ebird - Find birding hotspots with bird checklists from all over the world
Avibase - is an extensive database information system about all birds of the world, containing over 25 million records about 10,000 species and 22,000 subspecies of birds, including distribution information for 12,000 regions, taxonomy, synonyms in several languages
www.oiseaux.net This web page is also excellent for identifying birds. There is information and range maps for many many birds from all over the world. This page is almost guaranteed to give you any answer you have about any bird in the world.
Cloudbirders - Read birding trip reports from all over the world
Fatbirder - Linking birders worldwide... Wildlife Travellers see their sister site: WAND
Fatbirder is a fantastic web page with information from, I think every country in the world. My first stop when I plan for my bird watching trips. There is information about locations and guides, well, pretty much everything you need to know. Sometimes this is the only place I need to visit to plan my trip.
BirdingPal - find a birding Guide around the world
And the web page you cannot live without. I have been around the world looking for birds. I usually have a Guide, but sometimes it is not possible to find a Guide. So, well, I have lost count on how many times I have had help to ID birds at BirdForum. Joining this forum have been very very good for my bird watching experience.
ClimaTemps.com is the place to learn about the worlds climates with more than 4000 locations documented. Each aspect of the climate is represented using colour enhanced tables and professional graphs so that data can easily be compared by switching between locations in different tabs in your browser.
“A Field Guide to the Birds of Thailand and South East Asia by Craig Robson”
A Field Guide to the Birds of Thailand and South East Asia by Craig Robson. New edition updated with 76 species since previous edition “A Field Guide to the Birds of Thailand and South East Asia by Craig” Nick Upton at www.thaibirding.com wrote “This quite excellent book is packed full of quality illustrations and written information on 1251 species recorded in Southeast Asia”
I bought this book for bird watching in Thailand, but it goes for all over SE Asia
I have been very happy with the “A Field Guide to the Birds of Thailand and South East Asia by Craig Robson” But I had a fire in my condo 2019 and I needed to buy a new book. I was looking for the “A Field Guide to the Birds of Thailand and South East Asia by Craig Robson” as I liked the book. But this book is not available anymore so I had to buy the “A Field Guide to the Birds of Thailand” by Craig Robson.
What a disappointment this was, using the pictures in the book didn't helped to ID any birds.
“Birds of Thailand” by Uthai Treesuconand Wich'yanan Limparungpatthanakij
I met Peter Ericson, a famous bird watcher and he recommended the “Birds of Thailand” by Uthai Treesuconand Wich'yanan Limparungpatthanakij. I bought the book as soon as the book stores opened after the Wuhan virus. And I am very happy with the book and I have managed to ID some birds using the book.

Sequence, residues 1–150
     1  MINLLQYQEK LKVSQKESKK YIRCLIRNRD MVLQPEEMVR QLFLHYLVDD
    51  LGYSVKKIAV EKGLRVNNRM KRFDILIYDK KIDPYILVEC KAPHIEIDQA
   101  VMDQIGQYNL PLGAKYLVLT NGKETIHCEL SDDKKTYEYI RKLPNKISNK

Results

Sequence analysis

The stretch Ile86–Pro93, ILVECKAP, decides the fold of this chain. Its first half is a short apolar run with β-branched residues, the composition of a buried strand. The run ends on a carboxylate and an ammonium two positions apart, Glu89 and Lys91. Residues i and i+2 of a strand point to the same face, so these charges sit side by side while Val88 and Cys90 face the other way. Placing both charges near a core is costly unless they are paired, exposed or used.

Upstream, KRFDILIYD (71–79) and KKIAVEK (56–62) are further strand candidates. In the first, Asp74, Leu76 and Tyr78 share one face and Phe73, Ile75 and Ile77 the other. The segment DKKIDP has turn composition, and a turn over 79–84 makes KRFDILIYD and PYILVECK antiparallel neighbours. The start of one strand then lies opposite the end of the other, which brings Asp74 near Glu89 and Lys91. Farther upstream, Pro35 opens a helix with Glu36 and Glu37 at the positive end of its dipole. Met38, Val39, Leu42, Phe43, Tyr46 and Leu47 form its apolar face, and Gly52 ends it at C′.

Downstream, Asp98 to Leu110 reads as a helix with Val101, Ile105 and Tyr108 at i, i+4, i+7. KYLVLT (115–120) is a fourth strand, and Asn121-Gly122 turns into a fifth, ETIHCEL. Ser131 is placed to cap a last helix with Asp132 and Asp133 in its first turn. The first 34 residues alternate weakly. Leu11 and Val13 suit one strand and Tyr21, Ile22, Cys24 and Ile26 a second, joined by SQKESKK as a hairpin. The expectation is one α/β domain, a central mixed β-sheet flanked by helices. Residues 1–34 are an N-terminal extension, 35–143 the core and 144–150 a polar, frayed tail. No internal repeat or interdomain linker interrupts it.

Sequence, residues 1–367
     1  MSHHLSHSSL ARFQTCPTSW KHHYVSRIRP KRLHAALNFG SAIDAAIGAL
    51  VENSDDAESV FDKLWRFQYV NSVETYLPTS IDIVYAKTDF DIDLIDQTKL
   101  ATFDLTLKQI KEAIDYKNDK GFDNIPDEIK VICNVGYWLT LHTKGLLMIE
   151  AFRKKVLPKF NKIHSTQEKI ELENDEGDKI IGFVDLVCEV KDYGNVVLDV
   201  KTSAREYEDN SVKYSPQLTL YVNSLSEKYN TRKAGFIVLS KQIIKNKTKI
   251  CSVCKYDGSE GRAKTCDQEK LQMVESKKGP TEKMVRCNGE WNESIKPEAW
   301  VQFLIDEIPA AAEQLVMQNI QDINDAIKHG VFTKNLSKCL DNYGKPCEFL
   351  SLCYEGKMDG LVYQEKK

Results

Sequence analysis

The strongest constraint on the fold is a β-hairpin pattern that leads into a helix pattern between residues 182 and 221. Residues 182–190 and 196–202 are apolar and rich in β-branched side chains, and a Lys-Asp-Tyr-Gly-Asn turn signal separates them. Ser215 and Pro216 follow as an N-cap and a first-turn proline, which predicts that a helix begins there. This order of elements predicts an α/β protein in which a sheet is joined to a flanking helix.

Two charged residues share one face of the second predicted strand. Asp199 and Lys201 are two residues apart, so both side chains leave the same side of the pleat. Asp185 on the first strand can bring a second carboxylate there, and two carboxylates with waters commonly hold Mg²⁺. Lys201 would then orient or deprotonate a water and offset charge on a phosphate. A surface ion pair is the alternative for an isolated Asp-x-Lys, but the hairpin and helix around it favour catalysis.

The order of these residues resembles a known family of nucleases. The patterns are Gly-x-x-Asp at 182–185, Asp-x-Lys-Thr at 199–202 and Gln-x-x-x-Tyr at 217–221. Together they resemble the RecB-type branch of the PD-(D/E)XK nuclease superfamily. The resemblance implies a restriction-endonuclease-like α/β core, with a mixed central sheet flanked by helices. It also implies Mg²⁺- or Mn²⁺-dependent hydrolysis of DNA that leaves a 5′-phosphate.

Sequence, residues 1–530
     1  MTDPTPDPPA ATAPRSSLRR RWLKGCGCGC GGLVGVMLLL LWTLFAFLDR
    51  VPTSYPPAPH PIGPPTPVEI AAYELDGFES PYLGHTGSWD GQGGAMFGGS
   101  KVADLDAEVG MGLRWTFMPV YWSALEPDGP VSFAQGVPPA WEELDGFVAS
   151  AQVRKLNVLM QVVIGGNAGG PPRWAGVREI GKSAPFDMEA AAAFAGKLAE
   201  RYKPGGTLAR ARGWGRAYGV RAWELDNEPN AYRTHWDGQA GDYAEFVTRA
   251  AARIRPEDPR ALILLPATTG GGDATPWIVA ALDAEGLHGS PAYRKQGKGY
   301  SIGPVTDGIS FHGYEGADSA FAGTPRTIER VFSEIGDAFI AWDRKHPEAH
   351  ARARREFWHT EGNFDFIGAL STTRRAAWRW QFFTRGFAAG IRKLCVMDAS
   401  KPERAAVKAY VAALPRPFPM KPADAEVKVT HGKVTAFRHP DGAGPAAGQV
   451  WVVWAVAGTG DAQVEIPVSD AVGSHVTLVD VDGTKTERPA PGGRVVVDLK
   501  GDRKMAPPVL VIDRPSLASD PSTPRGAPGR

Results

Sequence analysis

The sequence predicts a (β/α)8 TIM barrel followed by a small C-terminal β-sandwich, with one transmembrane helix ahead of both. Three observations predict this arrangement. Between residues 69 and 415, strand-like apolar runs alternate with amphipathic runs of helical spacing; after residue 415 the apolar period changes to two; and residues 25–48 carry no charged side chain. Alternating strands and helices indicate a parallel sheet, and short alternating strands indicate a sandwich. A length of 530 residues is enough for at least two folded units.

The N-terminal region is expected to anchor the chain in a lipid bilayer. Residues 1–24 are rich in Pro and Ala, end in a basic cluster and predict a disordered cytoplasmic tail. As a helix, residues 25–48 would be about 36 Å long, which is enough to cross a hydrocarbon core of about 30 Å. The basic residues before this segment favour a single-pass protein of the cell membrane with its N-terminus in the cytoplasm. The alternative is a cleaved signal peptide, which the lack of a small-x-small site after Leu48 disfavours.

This new field guide will help you identify all 1049 species to have been recorded in the country to date, including the 20 species endemic or near-endemic to Thailand.
-Taxonomy follows the HBW and BirdLife International Illustrated Checklist of the Birds of the World.
-Detailed texts covering status, habitat and behaviour, age, sex and geographical variation, voice, and confusion species.
-Almost 2200 illustrations covering all species and distinctive subspecies, birds in flight, males and females, juveniles and non-breeding plumages, where appropriate.
-QR code for each species, linking to the Internet Bird Collection gallery of photos, videos and sounds.
-More than 1025 full-colour range maps for all species other than vagrants.
-Well-marked subspecies groups receive full accounts, and the distributions of subspecies breeding in the region are clearly mapped.
-Local species name and local conservation status included.
I like the book, but I miss the picture index.
Places to visit
Suan Rot Fai
Wachirabenchathat Park (Thai: สวนวชิรเบญจทัศ) or State Railway Public Park (สวนรถไฟ, read suan rot fai) is a name of public park in Chatuchak district, Bangkok, Thailand. It was opened on 28 July 2002 and named by the Prince Maha Vajiralongkorn. The park borders on the Queen Sirikit Park and Chatuchak Park, and it is also the largest park of the complex, covering an area of 0.6 square kilometres. It is one of the most popular parks in Bangkok.
Before the park was transformed into a public park, it was a golf course that belonged to the State Railway of Thailand. The park is commonly used for biking. It has a winding three-kilometre track for walking and biking around the park. At the start of bike track, there is a rental shop where visitors can rent bicycles for riding.
Near the bike track, there is a lake where people can rent paddleboats to go around the lake. In the park, there is a beautiful butterfly garden and insectarium for visitor's relaxation and education.
The other interesting point is a miniature town. The town consists of Bangkok's famous buildings and tourist attractions in scaled-down version. It was created for children to learn about traffic rules by riding a bicycle in this area.
Moreover, the park also has a sports center that provides various types of courts where people play sports or exercise in many ways. For example, people can do fitness, do yoga, go swimming, play tennis, play futsal, and more.
- From Wikipedia, the free encyclopedia
Opening Hours: 04:30-21:00 every day
Location: Kamphaeng Phet 3 Road, near Chatuchak Weekend Market